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Keywords:

  • CD1-restricted/natural killer T cells;
  • cell development/differentiation;
  • T-cell receptor;
  • natural killer receptors

Summary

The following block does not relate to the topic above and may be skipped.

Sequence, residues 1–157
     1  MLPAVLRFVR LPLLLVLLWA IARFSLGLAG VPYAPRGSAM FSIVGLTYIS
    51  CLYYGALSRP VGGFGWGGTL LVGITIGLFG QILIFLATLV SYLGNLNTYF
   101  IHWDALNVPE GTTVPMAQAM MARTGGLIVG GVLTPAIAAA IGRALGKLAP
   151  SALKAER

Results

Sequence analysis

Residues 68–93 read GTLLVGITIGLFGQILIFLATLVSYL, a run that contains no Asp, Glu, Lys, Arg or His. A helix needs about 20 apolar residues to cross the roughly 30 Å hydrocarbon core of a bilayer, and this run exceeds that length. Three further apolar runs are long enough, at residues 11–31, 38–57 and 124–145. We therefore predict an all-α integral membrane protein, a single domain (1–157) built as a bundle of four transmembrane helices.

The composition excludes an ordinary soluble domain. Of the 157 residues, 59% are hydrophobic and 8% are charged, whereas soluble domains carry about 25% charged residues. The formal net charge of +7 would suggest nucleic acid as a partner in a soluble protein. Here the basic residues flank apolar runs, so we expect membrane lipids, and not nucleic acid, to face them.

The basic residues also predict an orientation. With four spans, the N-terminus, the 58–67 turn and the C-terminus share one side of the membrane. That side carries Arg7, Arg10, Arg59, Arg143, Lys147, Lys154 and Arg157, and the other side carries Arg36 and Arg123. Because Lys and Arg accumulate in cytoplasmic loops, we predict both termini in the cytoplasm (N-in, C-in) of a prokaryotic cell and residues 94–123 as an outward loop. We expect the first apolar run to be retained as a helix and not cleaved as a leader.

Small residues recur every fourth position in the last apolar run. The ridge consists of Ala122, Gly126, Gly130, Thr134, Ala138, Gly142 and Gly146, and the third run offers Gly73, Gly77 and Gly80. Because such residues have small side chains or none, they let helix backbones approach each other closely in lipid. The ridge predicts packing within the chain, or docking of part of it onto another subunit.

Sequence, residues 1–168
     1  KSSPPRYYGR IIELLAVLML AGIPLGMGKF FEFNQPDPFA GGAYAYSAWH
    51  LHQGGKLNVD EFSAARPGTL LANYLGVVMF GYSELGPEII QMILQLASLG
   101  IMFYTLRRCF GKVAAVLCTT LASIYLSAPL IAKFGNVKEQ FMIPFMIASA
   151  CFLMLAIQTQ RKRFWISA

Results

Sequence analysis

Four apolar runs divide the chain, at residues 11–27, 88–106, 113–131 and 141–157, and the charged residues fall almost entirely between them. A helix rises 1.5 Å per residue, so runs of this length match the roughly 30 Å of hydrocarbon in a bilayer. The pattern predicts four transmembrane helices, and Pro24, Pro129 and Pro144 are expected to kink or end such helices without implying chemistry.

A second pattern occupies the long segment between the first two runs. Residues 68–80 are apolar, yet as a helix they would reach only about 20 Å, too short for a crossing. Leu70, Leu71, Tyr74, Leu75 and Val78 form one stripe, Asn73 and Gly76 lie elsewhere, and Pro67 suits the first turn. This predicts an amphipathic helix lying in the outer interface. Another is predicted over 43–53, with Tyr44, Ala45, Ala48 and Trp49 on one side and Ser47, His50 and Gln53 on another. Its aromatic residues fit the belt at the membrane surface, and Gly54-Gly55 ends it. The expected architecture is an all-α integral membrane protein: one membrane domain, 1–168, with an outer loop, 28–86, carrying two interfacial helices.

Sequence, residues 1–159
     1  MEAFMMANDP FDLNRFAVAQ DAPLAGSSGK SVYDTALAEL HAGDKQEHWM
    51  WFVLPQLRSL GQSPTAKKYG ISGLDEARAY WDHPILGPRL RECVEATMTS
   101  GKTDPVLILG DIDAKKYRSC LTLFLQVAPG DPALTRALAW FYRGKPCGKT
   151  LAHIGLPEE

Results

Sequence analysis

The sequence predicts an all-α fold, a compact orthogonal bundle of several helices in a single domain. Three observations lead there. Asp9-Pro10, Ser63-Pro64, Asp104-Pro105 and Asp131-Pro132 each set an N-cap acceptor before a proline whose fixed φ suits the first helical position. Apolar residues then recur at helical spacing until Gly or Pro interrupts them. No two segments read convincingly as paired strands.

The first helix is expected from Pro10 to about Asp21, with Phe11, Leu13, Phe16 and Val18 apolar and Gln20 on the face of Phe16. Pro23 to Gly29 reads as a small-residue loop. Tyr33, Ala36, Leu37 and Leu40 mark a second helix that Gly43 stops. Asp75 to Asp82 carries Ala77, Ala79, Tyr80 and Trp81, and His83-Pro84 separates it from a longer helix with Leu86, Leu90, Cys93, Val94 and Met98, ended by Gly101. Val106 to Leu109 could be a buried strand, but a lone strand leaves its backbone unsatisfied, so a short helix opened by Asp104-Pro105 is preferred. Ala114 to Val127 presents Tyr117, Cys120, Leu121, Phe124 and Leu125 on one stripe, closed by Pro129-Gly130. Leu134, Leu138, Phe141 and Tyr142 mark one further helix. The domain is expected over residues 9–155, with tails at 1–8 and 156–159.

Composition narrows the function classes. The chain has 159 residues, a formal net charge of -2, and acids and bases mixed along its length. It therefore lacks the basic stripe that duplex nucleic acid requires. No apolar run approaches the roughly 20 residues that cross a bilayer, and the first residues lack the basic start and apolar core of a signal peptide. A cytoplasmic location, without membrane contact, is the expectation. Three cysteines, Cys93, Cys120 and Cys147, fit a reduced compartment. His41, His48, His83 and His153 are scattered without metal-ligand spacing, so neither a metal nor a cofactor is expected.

Natural killer (NK) T lymphocytes are a subpopulation of T lymphocytes regarded as early regulators of immune responses. The majority of NKT cells are restricted by the CD1d molecule. NKT cells have mostly been studied in one single mouse strain, C57BL/6 (B6), because of the absence of NK1.1 in other common mouse strains, and the lack of other reliable surface markers for CD1d-restricted cells. To investigate NKT cell subsets in a mouse strain of a genetic background different from B6, we have back-crossed the NKT cell marker NK1.1 from the B6 mouse to the BALB/c mouse strain. We show that NKT cells in the congenic BALB.B6-NK1.1b mouse share many characteristics with their B6 counterparts, but seem to be deficient in the functional NKT cell subtype characterized by low interleukin-4 and high interferon-γ production, and surface expression of CD49b but not CD69. Moreover, in the thymus but not the spleen of BALB.B6-NK1.1b mice we find a novel Vα14-Jα18 invariant NKT cell subset which is devoid of a set of NK markers, suggesting that these cells represent a less differentiated NKT cell stage, and carries high levels of the T-cell receptor and uses a skewed T-cell receptor Vβ-repertoire.